Simple Guide to Filtering Spam in Google Analytics


To ensure all data collected by Google Analytics is valid, configure filters to prevent meddling bots from spamming your GA account. Follow these simple steps to remove three types of spam: ghost spam, crawler spam, and fake language spam. Whole Whale recommends troubleshooting all new filters in an account’s Test View first, then copy/pasting your perfected configuration into your Master View.

Ghost Spam

Ghost spam never actually crawls its target site. Instead, spam bots communicate directly with the Google Analytics Server to send fake data to unsuspecting accounts. Follow this video to create a ghost spam filter or see instructions below. 

To search for ghost spam in your Google Analytics account, choose “Audience” > “Technology” > “Network” > “Hostname” to view a list of all hostnames engaging with your site. This list should only include your domain, subdomains, and any services you’ve linked to your Google Analytics account. If you don’t recognize a hostname, it may be ghost spam.

To remove these invalid hostnames, build a custom filter that tells Google Analytics which hostnames belong in your account – think of this filter as a hostname guest list. To build your guest list, first identify all valid hostnames associated with your account.

Valid hostnames may include:

  • Your main domain
  • Any subdomains
  • Video services like YouTube
  • Payment Services like PayPal or your donation platform
  • Shopping Carts like Shopify
  • CDNs
  • Translation serves
  • Cache Services
  • IP addresses.

If you don’t recognize or control a hostname, odds are it should not be included on your list. Potential ghost spam hostnames include:

  • Spammy URLs
  • Links to sites you can’t control
  • And all hostnames under (not set)

Spam hostname examples

Not sure if a hostname is spam? Check for user engagement! If the bounce rate is near 99%, the hostname is likely ghost spam.


Writing the Guest List

Include all valid hostnames in a regular expression, separating each hostname with a pipe character | and adding a backslash \ before all periods and hyphens. Your regex has a limit of 255 characters, so combine hostnames when you can. Make sure to exclude any spaces and pipe characters at the beginning or end of your expression.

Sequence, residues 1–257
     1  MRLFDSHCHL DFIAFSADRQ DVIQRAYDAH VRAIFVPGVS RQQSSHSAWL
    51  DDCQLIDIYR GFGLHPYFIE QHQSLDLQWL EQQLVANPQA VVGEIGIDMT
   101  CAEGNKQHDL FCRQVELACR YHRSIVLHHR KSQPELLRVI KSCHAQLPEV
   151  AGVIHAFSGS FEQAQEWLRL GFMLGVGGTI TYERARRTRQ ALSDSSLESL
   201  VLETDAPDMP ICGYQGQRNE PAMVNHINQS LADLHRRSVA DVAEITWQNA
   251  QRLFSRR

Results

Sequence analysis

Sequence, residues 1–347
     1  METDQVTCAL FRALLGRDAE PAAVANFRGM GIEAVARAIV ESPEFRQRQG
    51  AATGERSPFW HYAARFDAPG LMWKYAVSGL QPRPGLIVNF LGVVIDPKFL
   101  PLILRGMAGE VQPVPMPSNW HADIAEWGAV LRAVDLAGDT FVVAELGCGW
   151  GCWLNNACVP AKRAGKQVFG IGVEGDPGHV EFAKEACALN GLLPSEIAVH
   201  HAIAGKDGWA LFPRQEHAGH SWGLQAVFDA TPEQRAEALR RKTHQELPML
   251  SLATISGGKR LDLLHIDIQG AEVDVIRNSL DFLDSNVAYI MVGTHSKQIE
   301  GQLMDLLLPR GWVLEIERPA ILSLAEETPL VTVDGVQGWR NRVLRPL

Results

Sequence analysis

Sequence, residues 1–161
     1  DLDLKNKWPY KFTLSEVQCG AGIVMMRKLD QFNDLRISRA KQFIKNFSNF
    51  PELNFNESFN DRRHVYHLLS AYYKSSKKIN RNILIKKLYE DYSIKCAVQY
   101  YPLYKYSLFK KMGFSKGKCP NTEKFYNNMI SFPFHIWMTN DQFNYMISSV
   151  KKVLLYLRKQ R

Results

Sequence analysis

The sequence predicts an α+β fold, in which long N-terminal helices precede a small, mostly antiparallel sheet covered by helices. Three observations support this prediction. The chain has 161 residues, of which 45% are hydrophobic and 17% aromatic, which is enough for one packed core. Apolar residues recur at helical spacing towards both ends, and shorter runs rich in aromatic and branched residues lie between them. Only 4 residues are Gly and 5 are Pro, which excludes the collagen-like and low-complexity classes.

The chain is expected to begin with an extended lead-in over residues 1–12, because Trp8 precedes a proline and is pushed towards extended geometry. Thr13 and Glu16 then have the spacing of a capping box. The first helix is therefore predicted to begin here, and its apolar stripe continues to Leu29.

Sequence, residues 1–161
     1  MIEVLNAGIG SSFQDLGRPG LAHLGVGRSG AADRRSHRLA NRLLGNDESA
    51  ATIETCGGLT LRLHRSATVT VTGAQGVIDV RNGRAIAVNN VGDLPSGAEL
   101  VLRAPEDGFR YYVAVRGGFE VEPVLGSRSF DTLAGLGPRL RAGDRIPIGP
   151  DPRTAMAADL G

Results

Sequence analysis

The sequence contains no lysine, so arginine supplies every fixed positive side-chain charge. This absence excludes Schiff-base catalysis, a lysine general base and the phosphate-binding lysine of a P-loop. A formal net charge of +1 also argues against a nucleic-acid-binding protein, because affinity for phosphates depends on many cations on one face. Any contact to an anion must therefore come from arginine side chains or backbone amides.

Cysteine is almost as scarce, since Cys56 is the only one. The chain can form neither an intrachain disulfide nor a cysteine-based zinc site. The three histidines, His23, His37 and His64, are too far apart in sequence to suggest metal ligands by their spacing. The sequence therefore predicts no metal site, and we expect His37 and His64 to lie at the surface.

Example: wholewhale\.com|eventbrite\.com|wholewhale\.podbean\.com|youtube\.com

You can double-check your regex by creating a Google Analytics Segment, setting “Source Matching” equal to your expression. Apply this segment to your reports to see how the configuration affects your data.

Now create your filter!

  1. Select “Admin” and toggle to the appropriate view.
  2. Choose the “Filters” tab and click “Add Filter” to configure.
  3. Name your filter, select “Custom” for Filter Type, and specify that you want to “Include” “Hostname.”
  4. Enter your expression, and use the “Verify Button” to triple-check your new filter.
  5. Click “Save” to launch your ghost spam filter! 

Screenshot of ghost spam filter configuration

Note: your regex will only need to be updated when you add your Google Analytics tracking ID to a new service or domain.

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Crawler Spam

Crawler spam crawls target sites, leaving fake data in its wake. Luckily, filtering crawler spam is simple: copy the following expressions into custom filters to exclude crawler traffic from your account.

  1. Navigate to Admin, Choose Filters, then click “Add Filter.”
  2. Name your filter, then choose “Custom” for Filter Type, and select “exclude.”
  3. Set field equal to “campaign source,” then paste the following expression into the box.
  4. Verify the filter, then choose “Save.”
  5. Repeat for Expression #2.
Screenshot of crawler spam filter configuration

Expression #1:


Expression #2:


Fake Language Spam

Fake Language spam, a special type of ghost spam, will likely be removed by our ghost and crawler spam filters. Still, we recommend adding this final custom filter to be on the safe side.

Follow the same steps for creating the crawler spam filter above, but choose “Language Settings” instead of “Campaign Source” as the Filter Field. Paste the following into the Filter Pattern: \s[^\s]*\s|.{15,}|\.|,

Screenshot of language spam filter configuration

Click to verify – fake languages should appear on the left hand side of the table. These may look like this:

“ search shell is much better than google!” and “☆ ¯\_(ツ)_/¯(ಠ益ಠ)(ಥ‿ಥ)(ʘ‿ʘ)ლ(ಠ_ಠლ)( ͡° ͜ʖ ͡°)ヽ(゚Д゚)ノʕ•̫͡•ʔᶘ ᵒᴥᵒᶅ(=^ ^=)oO””

After applying filters, monitor your traffic closely over the next several days to ensure that you are not blocking out valid sources. Note: filters may take 24 hours to apply!